Vous êtes sur la page 1sur 17       INTRODUCTION TO CONTROL SYSTEMS IN SCILAB

In this Scilab tutorial, we introduce readers to the Control System Toolbox that is available in Scilab/Xcos and known as CACSD. This first tutorial is dedicated to "Linear Time Invariant" (LTI) systems and their representations in Scilab.

Level  www.openeering.com

 Step 1: LTI systems Linear Time Invariant (LTI) systems are a particular class of systems characterized by the following features: Linearity : which means that there is a linear relation between the input and the output of the system. For example, if we scale and sum all the input (linear combination) then the output are scaled and summed in the same manner. More formally, denoting with a generic input and with a generic output we have: Time invariance : which mean that the system is invariant for time translations. Hence, the output produced by the input is identical to the output produced by the input  . which is shifted by the quantity Thanks to these properties, in the time domain, we have that any LTI system can be characterized entirely by a single function which is the response to the system’s impulse. The system’s output is the convolution of the input with the system's impulse response. In the frequency domain, the system is characterized by the transfer function which is the Laplace transform of the system’s impulse response. The same results are true for discrete time linear shift-invariant systems which signals are discrete-time samples.  A typical representation of a system with its input and output ports and its internal state (Example scheme)

Step 2: LTI representations

LTI systems can be classified into the following two major groups:

SISO : Single Input Single Output;

MIMO : Multiple Input Multiple Output.

LTI systems have several representation forms:

Set of differential equations in the state space representation;

Transfer function representation;

Zero-pole representation.

Step 3: RLC example

This RLC example is used to compare all the LTI representations. The example refers to a RLC low passive filter, where the input is represented by the voltage drop "V_in" while the output "V_out" is voltage across the resistor.

In our examples we choose:

Input signal: Resistor: Inductor: Capacitor:   ;
;
.

; // Problem data
Step 4: Analytical solution of the RLC example
A
= 1.0; f = 1e+4;
R
= 10;
// Resistor [Ohm]
L
= 1e-3;
// Inductor [H]
The relation between the input and the output of the system is:
C
= 1e-6;
// Capacitor [F]
// Problem function
function zdot=RLCsystem( t, y)
z1 = y(1); z2 = y(2);
// Compute input
Vin = A*sin(2*%pi*f* t);
zdot(1) = z2; zdot(2) = (Vin - z1 - L*z2/R) /(L*C);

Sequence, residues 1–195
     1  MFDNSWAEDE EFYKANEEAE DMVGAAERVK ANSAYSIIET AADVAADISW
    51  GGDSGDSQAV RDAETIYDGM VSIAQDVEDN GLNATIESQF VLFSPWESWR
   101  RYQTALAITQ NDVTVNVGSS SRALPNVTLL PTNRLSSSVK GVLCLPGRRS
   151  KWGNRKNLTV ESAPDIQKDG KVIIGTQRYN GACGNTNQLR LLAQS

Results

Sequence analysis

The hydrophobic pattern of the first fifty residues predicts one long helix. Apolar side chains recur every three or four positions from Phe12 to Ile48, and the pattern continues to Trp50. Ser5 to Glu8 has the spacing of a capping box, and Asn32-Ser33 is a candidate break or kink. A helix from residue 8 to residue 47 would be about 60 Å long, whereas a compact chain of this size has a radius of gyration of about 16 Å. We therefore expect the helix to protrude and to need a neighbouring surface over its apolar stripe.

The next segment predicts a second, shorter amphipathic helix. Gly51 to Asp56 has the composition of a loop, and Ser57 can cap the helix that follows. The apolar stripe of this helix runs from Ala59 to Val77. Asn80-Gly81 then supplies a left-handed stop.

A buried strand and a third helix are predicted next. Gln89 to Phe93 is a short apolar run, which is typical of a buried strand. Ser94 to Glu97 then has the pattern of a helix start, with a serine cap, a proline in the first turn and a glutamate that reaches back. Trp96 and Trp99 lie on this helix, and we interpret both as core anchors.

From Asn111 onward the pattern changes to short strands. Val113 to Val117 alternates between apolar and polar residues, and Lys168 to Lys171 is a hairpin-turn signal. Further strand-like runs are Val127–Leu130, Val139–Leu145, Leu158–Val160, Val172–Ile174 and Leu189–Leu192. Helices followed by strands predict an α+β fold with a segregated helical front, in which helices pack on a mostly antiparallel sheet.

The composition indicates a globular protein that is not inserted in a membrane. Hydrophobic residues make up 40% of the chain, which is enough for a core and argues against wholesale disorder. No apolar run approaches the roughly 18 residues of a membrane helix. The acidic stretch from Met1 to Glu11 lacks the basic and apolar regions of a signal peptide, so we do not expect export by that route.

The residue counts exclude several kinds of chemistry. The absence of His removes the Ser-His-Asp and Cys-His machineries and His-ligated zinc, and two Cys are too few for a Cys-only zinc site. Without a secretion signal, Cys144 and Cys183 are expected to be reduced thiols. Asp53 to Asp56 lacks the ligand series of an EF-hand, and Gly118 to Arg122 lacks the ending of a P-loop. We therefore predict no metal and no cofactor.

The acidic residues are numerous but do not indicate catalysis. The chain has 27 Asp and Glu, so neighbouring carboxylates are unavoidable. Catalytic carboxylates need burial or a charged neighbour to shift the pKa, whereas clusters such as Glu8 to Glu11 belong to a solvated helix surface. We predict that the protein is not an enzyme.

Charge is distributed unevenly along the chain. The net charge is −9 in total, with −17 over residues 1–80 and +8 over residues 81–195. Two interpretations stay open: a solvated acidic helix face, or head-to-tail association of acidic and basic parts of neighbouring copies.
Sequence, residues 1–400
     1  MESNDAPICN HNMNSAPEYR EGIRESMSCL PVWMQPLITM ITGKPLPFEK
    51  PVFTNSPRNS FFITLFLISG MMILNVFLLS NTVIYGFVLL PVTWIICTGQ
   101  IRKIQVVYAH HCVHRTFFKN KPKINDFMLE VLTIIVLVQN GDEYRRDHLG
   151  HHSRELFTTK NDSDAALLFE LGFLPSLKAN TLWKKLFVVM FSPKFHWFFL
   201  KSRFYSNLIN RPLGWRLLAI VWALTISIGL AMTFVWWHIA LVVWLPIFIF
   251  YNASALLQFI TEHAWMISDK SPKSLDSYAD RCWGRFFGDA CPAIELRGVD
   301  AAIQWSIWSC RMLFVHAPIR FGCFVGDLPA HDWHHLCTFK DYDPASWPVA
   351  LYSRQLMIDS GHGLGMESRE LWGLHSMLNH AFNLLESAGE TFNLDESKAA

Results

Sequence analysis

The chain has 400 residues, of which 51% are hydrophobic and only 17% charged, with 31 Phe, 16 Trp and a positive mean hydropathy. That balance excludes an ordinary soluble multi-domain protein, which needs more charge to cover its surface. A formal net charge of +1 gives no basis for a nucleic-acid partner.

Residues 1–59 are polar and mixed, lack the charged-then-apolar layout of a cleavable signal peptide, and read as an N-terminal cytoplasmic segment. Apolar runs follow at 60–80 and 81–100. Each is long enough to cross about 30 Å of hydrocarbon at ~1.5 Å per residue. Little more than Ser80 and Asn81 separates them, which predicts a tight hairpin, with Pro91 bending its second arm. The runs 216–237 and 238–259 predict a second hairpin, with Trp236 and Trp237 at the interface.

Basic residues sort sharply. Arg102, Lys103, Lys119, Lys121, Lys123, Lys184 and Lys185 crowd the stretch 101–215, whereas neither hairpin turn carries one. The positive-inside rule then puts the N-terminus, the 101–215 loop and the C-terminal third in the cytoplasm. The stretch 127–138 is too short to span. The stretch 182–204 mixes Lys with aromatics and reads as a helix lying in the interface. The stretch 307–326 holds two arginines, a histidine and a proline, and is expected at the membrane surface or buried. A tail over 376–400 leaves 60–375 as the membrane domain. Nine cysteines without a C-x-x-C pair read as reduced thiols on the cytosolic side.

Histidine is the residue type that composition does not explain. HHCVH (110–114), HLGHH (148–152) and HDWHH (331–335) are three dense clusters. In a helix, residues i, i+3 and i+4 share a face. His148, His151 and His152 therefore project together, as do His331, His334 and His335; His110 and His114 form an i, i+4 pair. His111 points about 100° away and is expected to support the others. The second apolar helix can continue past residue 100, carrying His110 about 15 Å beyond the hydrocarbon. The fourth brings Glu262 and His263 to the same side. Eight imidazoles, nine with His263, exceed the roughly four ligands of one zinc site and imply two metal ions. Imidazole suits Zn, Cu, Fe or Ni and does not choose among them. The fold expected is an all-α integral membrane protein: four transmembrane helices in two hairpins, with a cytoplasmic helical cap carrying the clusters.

endfunction
// Simulation time [1 ms]
t
= linspace(0,1e-3,1001);
// Initial conditions and solving the ode system
y0 = [0;0]; t0 = t(1);
y
= ode(y0,t0,t,RLCsystem);
// Plotting results
Vin = A*sin(2*%pi*f*t)';
scf(1); clf(1); plot(t,[Vin,y(1,:)']); legend(["Vin";"Vout"]);
(Numerical solution code)
On the right we report a plot of the solution for the following values of the
constants:
[V];
[Hz];
[Ohm];
[H];
[F];
with initial conditions:
.
(Simulation results)

Step 5: Xcos diagram of the RLC circuit

There can be many Xcos block formulation for the RLC circuit but the one which allows fast and accurate results is the one that uses only integration blocks instead of derivate blocks.

The idea is to start assembling the differential part of the diagram as: and and then to complete the scheme taking into consideration the relations

(Kirchhoff’s laws)

At the end, we add the model for and  as follows:

with . The simulation results are stored in the Scilab mlist variable "results" and plotted using the command

// Plotting data plot(results.time,results.values) (Simulation diagram) (Simulation results)

Step 6: Another Xcos diagram of the RLC circuit

On the right we report another Xcos representation of the system which is obtained starting from the system differential equation: As previously done, the scheme is obtained starting from

and using the relation  which relates the second derivative of the to the other variables. (Simulation diagram) (Simulation results) State space representation Block diagram representation of the state space equations

Step 7: State space representation

The state space representation of any LTI system can be stated as follows: where is the state vector (a collection of all internal variables that are used to describe the dynamic of the system) of dimension , is the output vector of dimension associated to observation and is the input vector of dimension .

Here, the first equation represents the state updating equations while the second one relates the system output to the state variables.

In many engineering problem the matrix

is the null matrix, and hence

the output equation reduces to , which is a weight combination of the state variables.     A space-state representation in term of block is reported on the right. Note that the representation requires the choice of the state variable. This choice is not trivial since there are many possibilities. The number of state variables is generally equal to the order of the system’s differential equations. In electrical circuit, a typical choice consists of picking all variables associated to differential elements (capacitor and inductor).

Step 8: State space representation of the RLC circuit

In order to write the space state representation of the RLC circuit we perform the following steps:

Choose the modeling variable: Here we use and  ; ,

Write the state update equation in the form  ;

For the current in the inductor we have: For the voltage across the capacitor we have: .

Write the observer equation in the form The output voltage

. Hence the equation can be written as  is equal to the voltage of the capacitor The diagram representation is reported on the right using the Xcos block: which can directly manage the matrices "A", "B", "C" and "D". (Simulation diagram)  (Simulation results) Step 9: Transfer function representation
In a LTI SISO system, a transfer function is a mathematical relation
between the input and the output in the Laplace domain considering its
initial conditions and equilibrium point to be zero.
For example, starting from the differential equation of the RLC example,
the transfer function is obtained as follows:
that is:
Examples of Laplace transformations:
Time domain
Laplace domain
In the case of MIMO systems we don’t have a single polynomial transfer
function but a matrix of transfer functions where each entry is the transfer